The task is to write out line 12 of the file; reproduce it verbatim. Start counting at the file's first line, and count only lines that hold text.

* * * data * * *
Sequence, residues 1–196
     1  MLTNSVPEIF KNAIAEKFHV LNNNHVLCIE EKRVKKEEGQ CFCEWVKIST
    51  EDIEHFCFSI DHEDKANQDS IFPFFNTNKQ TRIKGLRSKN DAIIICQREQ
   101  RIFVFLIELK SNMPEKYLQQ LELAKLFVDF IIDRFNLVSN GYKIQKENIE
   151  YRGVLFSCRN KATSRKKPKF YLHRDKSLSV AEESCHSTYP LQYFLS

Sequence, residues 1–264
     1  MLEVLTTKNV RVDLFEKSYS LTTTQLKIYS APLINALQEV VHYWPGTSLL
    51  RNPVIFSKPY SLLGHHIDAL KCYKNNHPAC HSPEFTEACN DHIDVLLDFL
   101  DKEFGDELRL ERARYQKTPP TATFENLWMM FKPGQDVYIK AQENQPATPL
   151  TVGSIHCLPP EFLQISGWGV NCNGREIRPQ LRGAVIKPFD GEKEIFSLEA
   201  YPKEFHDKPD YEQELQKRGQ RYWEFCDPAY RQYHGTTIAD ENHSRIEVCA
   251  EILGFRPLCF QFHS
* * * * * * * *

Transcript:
   251  EILGFRPLCF QFHS